Georgetown University’s Newspaper of Record since 1920

The Hoya

Georgetown University’s Newspaper of Record since 1920

The Hoya

Georgetown University’s Newspaper of Record since 1920

The Hoya

Movie Review: ‘American Assassin’



American Assassin is an origin story, and it starts as such at the very beginning. Like many beginnings, it sets a happy scene: Mitch Rapp, played by Dylan O’Brien, romps on the beaches of Ibiza, Spain with his girlfriend — and soon after, fiancee — Katrina, played by Charlotte Vega. Their engagement is short-lived, however. Just moments into the film, Katrina is shot and killed, one victim of many in a brutal terrorist attack.

The attack is swift and shocking — the violence is jarring, in particular, given the dream-like beach setting. It leaves a lasting impression, but it is somehow lacking. Perhaps it was too quick, too senseless, too cliché. Still, it serves its purpose: It sets the mood for the rest of the film and is Rapp’s driving force.

Eighteen months later, we meet the new Rapp: a grizzly version of his former self, fluent in Arabic and a master of martial arts. O’Brien, a favorite of “Teen Wolf” fans and star of the “Maze Runner” film trilogy, pulls off the transition well. Rapp has tracked down and infiltrated the terrorist cell responsible for the erstwhile attack, and his skills have caught the eye of CIA Deputy Director Irene Kennedy, played by Sanna Lathan. Instead of sending him to jail for his illegal activities or perhaps therapy for his seemingly disturbed psyche, she decides to send him to Stan Hurley, a former Navy SEAL played by Michael Keaton, to teach Rapp how to kill better.

Kennedy is introduced as a central part of Rapp’s new identity as a CIA operative, telling Rapp in a stern, almost motherly tone that she “has faith in [him].” What could have been an intriguing relationship, however, is lost as the story continues: She spends the rest of the film marching around a CIA command center, putting undeserved trust in an agent with no regard for commands. Kennedy’s character is representative of the film’s biggest flaw: A plot device that is scarily effective at moving the story forward, but at times unrealistic and too predictable.

The real star of the film, aside from Rapp himself, is Stan Hurley. Keaton plays Hurley exceptionally well, injecting a much-needed dose of humor into the otherwise somber story. He delivers memorable one-liners that serve as opportunities to laugh at the at-times-ludicrous plot developments.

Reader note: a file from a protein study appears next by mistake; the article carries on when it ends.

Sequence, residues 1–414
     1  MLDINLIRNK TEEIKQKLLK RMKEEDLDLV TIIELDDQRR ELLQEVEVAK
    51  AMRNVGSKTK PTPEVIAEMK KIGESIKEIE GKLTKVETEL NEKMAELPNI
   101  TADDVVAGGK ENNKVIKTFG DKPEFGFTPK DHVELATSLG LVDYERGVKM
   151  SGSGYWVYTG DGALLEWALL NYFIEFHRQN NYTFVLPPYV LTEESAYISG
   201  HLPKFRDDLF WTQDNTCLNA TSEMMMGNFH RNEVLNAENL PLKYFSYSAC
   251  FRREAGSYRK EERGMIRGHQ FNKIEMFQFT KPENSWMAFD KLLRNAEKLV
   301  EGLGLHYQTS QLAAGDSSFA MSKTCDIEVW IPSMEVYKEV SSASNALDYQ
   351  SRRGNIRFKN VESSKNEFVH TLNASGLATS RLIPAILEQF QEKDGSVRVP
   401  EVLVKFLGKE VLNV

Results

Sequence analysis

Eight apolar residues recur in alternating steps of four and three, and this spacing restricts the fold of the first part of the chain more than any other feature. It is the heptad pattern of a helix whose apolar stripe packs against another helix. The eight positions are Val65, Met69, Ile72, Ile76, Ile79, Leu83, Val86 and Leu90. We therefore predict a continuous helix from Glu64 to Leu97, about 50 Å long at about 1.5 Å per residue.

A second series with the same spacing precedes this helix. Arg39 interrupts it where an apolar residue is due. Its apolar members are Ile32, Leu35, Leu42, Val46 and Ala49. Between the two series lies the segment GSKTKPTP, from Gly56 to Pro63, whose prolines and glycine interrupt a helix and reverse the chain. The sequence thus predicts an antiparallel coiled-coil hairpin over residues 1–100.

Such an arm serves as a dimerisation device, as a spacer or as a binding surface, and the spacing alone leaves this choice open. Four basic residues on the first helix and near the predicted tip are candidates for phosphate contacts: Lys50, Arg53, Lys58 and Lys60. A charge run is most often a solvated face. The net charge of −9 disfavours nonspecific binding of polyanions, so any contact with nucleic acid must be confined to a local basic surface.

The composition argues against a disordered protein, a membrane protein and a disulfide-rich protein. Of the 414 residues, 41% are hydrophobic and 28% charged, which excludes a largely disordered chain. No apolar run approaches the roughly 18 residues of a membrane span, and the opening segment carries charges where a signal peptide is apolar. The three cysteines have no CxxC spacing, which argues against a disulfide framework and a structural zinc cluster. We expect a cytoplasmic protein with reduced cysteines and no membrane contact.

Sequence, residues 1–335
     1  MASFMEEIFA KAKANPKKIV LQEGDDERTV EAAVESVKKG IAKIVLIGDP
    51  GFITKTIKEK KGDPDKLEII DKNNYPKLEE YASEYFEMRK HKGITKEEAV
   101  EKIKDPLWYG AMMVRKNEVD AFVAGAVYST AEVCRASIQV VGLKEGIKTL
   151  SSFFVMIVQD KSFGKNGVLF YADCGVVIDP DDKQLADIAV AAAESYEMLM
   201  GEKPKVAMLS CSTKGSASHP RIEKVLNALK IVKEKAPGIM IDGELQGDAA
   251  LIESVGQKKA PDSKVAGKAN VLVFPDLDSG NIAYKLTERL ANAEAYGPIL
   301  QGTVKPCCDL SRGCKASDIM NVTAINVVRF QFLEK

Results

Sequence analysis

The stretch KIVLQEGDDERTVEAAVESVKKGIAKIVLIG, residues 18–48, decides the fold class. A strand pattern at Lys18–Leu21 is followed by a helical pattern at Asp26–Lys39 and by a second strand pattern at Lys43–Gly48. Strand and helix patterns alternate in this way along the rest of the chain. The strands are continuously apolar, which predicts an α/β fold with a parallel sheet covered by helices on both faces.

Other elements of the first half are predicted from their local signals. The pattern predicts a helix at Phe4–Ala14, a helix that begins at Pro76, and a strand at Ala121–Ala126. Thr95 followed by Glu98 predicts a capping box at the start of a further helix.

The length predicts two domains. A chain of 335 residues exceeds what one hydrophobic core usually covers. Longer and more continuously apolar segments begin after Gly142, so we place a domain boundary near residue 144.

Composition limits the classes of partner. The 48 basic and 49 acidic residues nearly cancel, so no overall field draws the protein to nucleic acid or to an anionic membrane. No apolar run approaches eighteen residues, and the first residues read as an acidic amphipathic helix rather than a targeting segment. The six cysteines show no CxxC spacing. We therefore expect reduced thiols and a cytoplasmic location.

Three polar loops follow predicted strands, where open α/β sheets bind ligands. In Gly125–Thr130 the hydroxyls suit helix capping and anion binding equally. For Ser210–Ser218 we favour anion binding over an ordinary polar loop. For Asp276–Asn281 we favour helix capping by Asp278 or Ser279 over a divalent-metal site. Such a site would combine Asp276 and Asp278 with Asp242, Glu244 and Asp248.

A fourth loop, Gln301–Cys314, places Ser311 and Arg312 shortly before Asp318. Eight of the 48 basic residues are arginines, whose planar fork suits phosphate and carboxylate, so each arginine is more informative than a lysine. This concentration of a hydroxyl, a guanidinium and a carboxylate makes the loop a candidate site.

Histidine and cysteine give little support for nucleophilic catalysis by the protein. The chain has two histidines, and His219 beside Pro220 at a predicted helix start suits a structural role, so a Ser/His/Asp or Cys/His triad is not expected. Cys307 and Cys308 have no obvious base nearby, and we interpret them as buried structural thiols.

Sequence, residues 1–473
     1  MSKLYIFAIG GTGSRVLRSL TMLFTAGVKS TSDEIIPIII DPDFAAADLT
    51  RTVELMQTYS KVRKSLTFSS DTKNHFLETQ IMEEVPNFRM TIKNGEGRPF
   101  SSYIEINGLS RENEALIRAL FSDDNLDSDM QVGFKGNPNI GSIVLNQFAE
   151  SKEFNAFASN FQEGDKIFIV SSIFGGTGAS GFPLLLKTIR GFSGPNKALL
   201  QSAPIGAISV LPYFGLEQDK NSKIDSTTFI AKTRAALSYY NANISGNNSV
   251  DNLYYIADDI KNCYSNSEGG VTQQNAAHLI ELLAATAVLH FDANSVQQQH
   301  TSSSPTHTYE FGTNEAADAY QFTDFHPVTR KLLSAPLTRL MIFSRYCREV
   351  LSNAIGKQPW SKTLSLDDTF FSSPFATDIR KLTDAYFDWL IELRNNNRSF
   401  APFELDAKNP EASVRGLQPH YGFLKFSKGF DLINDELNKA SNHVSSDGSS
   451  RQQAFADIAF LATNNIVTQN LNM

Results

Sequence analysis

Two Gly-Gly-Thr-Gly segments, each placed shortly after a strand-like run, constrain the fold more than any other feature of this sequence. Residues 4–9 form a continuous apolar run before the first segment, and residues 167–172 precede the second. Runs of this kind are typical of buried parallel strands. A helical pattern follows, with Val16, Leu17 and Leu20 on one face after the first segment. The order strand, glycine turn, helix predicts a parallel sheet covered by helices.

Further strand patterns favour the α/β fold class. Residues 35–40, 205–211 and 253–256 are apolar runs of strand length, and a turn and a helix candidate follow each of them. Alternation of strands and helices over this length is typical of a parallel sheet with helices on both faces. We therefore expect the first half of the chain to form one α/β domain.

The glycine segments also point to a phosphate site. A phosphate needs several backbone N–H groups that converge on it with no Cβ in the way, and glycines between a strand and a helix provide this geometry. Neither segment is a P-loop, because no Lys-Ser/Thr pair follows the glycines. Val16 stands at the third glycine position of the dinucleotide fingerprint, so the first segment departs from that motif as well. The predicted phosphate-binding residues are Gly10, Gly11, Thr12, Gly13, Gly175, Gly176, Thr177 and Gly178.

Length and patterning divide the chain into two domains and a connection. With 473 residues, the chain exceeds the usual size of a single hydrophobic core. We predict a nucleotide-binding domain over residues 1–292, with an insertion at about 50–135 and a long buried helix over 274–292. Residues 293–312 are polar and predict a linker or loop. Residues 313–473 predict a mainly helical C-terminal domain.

Most of all, Keaton plays the role outstandingly well alongside O’Brien. He does exactly what a supporting character is meant to do: Contribute meaningfully to the main character’s development while still standing as his own character.

Alongside Keaton’s compelling delivery of Hurley, O’Brien delivers his own engaging performance as star of the film, even when the script limits him to surly expressions and dark conversations about his desire to kill people who “deserve it.” He is charismatic and sexy but is also still the tortured, broken shell of a man who has lost too much to tragedy. O’Brien is also a treat in well-choreographed hand-to-hand combat scenes.

No spy flick is complete without a stunning foreign spy, who comes in the form of Annika, a Turkish agent played by Shiva Negar. Although the stunning foreign spy archetype usually brings to the film a sense of tension and mystery, Annika’s relationship with Rapp is not developed well enough to warrant the screen time it receives.

The team — Rapp, Hurley, Annika and Kennedy — race to stop a dangerous terrorist plot, and the rest of the film plays out like any other superspy story: A hero on a personal mission, a villain with a grudge, friction between teacher and student, betrayal and redemption and, at the center of it all, a top secret mission with global implications.

“American Assassin” is a cliche film, but so are most spy thrillers. To avoid that label, the film needed either to lighten up and embrace its moments of comedy or go even deeper in its exploration of Rapp’s mental state — as it is, it is too serious to be funny but too funny to be serious.

Still, the film has its merits. It is a thriller through and through, jam-packed with impressive fight scenes, and on occasion, scenes of much-needed comedy. O’Brien and Keaton deliver stellar performances, bringing depth to a simplistic plotline and helping audiences connect more deeply with the story of the “American Assassin.”

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